Economists defend Corbyn economics
The letter, signed by 40 economists up and down the UK and published on The Guardian, stated that the UK economy is currently being run on an extremist basis and Corbyn’s policies are not extremely left on the political spectrum.
Corbyn’s proposals, which include using of quantitative easing to boost infrastructure and for a version of right to buy in the private sector, have come under fire across the mortgage industry. For example earlier in the month Robert Sinclair, chief executive of the Association of Mortgage Intermediaries, said on the right to buy suggestion: “A policy of this type, should Labour ever get close to being elected to power, could damage the property market in a way that the Financial Policy Committee is currently very keen to avoid.
“Sudden shocks and precipice events are outside the current economic policy framework.”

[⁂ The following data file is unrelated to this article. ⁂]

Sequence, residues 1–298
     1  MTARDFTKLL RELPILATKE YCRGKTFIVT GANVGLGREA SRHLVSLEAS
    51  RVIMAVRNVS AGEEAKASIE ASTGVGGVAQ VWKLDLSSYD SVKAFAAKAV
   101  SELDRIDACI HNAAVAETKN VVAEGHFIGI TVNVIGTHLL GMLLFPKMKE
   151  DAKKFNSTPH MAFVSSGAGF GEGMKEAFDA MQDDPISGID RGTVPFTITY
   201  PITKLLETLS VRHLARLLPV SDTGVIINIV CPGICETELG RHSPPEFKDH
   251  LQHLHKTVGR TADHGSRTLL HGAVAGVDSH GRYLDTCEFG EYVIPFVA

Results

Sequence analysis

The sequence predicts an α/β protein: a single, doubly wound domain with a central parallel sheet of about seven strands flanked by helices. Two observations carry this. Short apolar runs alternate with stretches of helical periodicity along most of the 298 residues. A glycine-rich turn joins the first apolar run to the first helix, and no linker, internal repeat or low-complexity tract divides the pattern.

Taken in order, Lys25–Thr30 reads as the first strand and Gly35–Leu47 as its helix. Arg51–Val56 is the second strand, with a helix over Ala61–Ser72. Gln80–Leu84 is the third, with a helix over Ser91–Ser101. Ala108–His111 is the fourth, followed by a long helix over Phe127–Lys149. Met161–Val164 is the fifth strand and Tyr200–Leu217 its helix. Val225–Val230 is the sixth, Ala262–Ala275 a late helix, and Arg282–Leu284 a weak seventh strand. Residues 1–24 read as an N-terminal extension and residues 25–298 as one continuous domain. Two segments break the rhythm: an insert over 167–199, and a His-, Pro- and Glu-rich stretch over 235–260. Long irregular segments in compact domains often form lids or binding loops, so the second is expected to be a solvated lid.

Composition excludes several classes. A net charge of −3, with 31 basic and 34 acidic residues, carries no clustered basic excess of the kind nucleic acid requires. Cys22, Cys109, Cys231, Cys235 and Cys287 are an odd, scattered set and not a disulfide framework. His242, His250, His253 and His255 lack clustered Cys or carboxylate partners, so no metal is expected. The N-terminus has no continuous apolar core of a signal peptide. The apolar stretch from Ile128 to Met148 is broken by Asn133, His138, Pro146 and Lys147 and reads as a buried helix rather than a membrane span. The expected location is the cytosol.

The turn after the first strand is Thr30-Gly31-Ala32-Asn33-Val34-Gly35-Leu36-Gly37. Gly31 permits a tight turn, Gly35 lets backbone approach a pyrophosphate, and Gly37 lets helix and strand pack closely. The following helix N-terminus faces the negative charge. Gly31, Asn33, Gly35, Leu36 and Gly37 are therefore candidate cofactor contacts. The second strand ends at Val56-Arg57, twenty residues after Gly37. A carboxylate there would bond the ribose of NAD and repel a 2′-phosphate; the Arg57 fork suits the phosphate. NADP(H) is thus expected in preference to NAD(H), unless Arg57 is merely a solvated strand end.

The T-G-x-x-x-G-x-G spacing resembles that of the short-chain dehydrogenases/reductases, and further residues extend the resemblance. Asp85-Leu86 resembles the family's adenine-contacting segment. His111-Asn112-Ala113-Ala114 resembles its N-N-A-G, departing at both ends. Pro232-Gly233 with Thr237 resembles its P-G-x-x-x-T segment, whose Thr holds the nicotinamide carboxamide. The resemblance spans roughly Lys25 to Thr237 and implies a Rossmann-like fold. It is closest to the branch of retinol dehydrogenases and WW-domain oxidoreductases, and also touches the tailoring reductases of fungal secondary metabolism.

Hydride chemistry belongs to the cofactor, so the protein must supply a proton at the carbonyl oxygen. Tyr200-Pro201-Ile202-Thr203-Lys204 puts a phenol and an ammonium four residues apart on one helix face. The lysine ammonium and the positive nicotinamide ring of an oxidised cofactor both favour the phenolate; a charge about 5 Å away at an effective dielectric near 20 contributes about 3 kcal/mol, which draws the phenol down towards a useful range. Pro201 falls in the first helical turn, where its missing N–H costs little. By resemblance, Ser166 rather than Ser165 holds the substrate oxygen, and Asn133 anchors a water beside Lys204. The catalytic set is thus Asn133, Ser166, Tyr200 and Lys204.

The Labour leadership will be decided by 10 September, with Corbyn being the clear favourite in the contest.
The letter read: “Cutting government investment in the name of prudence is wrong because it prevents growth, innovation and productivity increases, which are all much needed by our economy, and so over time increases the debt due to lower tax receipts.
“Despite the barrage of media coverage to the contrary, it is the current government’s policy and its objectives which are extreme.
“The attempt to produce a balanced public sector budget primarily through cuts to spending failed in the previous parliament. Increasing child poverty and cutting support for the most vulnerable is unjustifiable.”
The move was reminiscent of the 100 business chiefs who wrote to The Telegraph in April before the election saying Labour threatened Britain’s economy.
The letter clarified that the 40 signees are not all Corbyn supporters – “but we hope to clarify just where the “extremism” lies in the current economic debate”.